Names and labels can work for good or ill. I see no need to sweep this word away and actually firmly believe the Anglican tradition needs it - or something similar - and that the report is correct to identify this as a priority. And yes yes yes, William, to those you wish to name as disciples. I don't hear this word narrowly at all. In fact I think this word is being unhelpfully caricatured at this point. My own approach has been to take and try to flesh out the word for good rather than abandon it to others and then criticise them for what they make of it.

Posted by David Runcorn at Tuesday, 3 February 2015 at 7:50pm GMT

I do not associate anything manipulative in discipleship .... as to control, well, I have met some pretty controlling clergy and more than a few of them were bishops who assured me that this was their role!
The command to go and make disciples of all nations left a pretty firm impression on me as a teenager, and it has been a welcome friend and partner for four decades and more. In my own case the Holy Sonnets are something close to my discipleship journey and Batter my heart three person God touches most of the buttons!

BUT! I do now see how one might think discipleship has been hijacked by a narrow group and has become their buzz word for being made in their own image and likeness .....

But I am not dismayed! Just because some think that discipleship excludes the saints William Richard's cartoons for us should not frighten us from embracing discipleship in all its many forms and guises. For me the word gives an equality and value to all that our hierarchical community can often deny - in fact to the very souls highlighted by William Richards.

Posted by Martin Reynolds at Tuesday, 3 February 2015 at 10:51pm GMT

Mark - is 'Christian' really any more problematic in practice? The more important the issues the more the words we have for them attract serious allergies. But we need more robust immune systems not quarantine.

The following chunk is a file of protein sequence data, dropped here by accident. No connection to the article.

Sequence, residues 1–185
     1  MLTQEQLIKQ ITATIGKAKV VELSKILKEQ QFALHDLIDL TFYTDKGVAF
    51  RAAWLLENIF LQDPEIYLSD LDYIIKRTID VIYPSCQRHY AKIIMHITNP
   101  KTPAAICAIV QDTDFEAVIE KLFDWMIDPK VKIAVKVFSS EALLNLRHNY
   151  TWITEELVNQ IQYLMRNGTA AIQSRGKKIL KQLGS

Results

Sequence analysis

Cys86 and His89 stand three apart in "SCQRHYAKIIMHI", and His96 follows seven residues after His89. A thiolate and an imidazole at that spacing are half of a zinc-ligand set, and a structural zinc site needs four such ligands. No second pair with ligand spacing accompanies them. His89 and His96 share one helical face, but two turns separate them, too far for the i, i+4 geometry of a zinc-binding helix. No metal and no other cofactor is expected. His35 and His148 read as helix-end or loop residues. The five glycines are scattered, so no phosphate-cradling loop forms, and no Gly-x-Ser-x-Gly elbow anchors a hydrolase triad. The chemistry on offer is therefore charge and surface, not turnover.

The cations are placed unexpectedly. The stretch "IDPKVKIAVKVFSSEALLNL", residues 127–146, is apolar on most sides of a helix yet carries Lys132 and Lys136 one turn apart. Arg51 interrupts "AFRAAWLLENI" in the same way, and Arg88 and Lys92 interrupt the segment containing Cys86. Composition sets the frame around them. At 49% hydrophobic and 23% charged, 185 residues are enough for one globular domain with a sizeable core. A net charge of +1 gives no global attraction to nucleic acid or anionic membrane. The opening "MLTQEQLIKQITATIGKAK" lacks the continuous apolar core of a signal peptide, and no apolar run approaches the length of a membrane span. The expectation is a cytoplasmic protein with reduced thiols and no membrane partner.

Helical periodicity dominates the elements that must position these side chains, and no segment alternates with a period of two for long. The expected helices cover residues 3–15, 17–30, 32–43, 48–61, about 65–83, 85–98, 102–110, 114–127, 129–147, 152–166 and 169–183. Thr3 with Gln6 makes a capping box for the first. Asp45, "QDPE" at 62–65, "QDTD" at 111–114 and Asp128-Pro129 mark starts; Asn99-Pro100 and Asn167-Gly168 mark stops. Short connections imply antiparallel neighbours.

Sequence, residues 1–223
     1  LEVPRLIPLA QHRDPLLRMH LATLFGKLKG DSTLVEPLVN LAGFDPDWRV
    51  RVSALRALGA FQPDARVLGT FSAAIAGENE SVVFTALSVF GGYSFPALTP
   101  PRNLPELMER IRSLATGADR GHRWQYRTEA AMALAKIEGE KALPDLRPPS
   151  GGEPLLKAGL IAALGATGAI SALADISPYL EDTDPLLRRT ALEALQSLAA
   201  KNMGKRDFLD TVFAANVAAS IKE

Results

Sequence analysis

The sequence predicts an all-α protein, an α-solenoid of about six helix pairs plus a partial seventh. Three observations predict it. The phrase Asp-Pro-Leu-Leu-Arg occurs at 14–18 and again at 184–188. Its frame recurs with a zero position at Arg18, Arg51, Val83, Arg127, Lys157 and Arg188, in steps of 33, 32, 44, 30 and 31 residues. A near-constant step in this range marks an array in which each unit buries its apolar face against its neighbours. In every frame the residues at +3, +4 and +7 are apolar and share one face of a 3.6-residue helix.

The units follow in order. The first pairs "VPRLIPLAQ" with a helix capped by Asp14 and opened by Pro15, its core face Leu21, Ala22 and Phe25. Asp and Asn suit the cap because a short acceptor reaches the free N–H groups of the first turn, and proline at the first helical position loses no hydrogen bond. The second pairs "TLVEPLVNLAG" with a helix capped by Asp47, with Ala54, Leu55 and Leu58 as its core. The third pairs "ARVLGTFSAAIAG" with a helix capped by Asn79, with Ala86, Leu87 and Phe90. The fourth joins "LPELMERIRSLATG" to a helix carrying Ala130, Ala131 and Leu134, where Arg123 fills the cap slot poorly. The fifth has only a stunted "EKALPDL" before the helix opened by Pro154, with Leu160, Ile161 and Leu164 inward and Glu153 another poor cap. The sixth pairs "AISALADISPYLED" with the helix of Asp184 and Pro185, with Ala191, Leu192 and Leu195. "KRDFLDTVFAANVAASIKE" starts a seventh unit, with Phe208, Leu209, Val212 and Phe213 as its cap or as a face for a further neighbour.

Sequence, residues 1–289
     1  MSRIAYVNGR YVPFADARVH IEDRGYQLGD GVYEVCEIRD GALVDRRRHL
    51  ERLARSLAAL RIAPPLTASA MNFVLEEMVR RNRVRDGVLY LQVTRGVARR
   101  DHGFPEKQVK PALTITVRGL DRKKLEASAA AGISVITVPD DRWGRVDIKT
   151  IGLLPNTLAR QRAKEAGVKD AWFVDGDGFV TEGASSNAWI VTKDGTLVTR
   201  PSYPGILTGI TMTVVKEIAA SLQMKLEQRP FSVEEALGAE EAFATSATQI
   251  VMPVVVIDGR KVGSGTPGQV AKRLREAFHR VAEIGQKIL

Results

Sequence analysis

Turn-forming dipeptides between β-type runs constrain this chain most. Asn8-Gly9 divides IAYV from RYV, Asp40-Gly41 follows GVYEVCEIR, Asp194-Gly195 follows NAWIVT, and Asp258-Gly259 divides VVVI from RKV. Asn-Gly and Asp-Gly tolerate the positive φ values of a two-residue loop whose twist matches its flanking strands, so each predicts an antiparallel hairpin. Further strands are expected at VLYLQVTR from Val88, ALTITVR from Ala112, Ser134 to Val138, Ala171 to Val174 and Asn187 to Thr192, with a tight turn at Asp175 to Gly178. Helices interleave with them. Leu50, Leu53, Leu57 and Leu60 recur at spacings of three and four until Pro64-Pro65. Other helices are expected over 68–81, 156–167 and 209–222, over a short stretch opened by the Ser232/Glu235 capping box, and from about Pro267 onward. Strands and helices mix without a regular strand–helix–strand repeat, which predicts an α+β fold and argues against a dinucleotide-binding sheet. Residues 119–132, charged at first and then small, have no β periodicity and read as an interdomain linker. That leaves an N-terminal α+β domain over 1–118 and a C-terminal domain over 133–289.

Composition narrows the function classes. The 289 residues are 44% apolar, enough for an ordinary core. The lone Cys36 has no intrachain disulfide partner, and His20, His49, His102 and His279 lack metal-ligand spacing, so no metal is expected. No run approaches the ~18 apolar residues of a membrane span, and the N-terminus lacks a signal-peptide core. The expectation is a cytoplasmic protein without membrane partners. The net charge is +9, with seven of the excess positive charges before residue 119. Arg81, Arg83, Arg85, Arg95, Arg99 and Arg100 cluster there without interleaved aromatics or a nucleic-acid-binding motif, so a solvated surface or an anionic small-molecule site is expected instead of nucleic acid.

And why go searching for a bad example of committed giving? Isn't Ian's point basically sound? Why not point up examples of the generous poor as Jesus did?

Meanwhile, I'm hitching my wagon to yours Martin!

Posted by David Runcorn at Wednesday, 4 February 2015 at 8:59am GMT

In all of these arguments about the word discipleship - and its connection with the go-go activism implicit in the upcoming G.S. discussion about evangelism - one wonders where the place of prayer, meditation and sacramental participation, might be placed within the program - when it seems that aggressive touting for scalps is preferred? To follow Christ means BOTH prayer and action - no more of one than the other.

Posted by Father Ron Smith at Wednesday, 4 February 2015 at 10:08am GMT

Father Ron I simply don't accept that what the CofE is now proposing is so hopelessly and crudely one-sided and frenetic. I do not think faithful urgency is the same as activist.
The challenge might at least be issued both ways. I can think of of churches that are devout in prayer and the sacraments but which are inward looking, dwindling in size, lacking vision, impetus or confidence to take their faith into the community. How would you express the challenge to them?

Posted by David Runcorn at Wednesday, 4 February 2015 at 7:16pm GMT

'The disciples were first called Christians at Antioch' (Achs 11:26)

Sounds to me as if Christian is just another word for disciple.

Posted by Tim Chesterton at Thursday, 5 February 2015 at 2:04pm GMT